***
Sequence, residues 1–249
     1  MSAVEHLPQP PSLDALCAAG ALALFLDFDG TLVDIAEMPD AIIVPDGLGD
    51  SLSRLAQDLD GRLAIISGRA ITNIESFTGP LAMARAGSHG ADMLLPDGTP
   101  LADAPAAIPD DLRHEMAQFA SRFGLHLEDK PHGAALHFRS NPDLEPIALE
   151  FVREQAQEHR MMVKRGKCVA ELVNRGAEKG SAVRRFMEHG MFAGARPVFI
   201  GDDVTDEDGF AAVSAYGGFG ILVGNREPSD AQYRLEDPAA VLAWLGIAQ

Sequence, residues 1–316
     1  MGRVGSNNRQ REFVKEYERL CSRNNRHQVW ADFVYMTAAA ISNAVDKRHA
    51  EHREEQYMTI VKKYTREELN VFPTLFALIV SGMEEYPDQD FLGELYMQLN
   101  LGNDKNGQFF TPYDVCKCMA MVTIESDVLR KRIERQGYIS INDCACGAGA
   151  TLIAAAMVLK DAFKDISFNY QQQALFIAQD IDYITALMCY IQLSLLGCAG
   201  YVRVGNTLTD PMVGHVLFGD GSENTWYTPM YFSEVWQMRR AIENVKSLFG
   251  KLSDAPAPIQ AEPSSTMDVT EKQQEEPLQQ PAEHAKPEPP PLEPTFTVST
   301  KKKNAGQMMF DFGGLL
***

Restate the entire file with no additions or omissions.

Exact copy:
Sequence, residues 1–249
     1  MSAVEHLPQP PSLDALCAAG ALALFLDFDG TLVDIAEMPD AIIVPDGLGD
    51  SLSRLAQDLD GRLAIISGRA ITNIESFTGP LAMARAGSHG ADMLLPDGTP
   101  LADAPAAIPD DLRHEMAQFA SRFGLHLEDK PHGAALHFRS NPDLEPIALE
   151  FVREQAQEHR MMVKRGKCVA ELVNRGAEKG SAVRRFMEHG MFAGARPVFI
   201  GDDVTDEDGF AAVSAYGGFG ILVGNREPSD AQYRLEDPAA VLAWLGIAQ

Sequence, residues 1–316
     1  MGRVGSNNRQ REFVKEYERL CSRNNRHQVW ADFVYMTAAA ISNAVDKRHA
    51  EHREEQYMTI VKKYTREELN VFPTLFALIV SGMEEYPDQD FLGELYMQLN
   101  LGNDKNGQFF TPYDVCKCMA MVTIESDVLR KRIERQGYIS INDCACGAGA
   151  TLIAAAMVLK DAFKDISFNY QQQALFIAQD IDYITALMCY IQLSLLGCAG
   201  YVRVGNTLTD PMVGHVLFGD GSENTWYTPM YFSEVWQMRR AIENVKSLFG
   251  KLSDAPAPIQ AEPSSTMDVT EKQQEEPLQQ PAEHAKPEPP PLEPTFTVST
   301  KKKNAGQMMF DFGGLL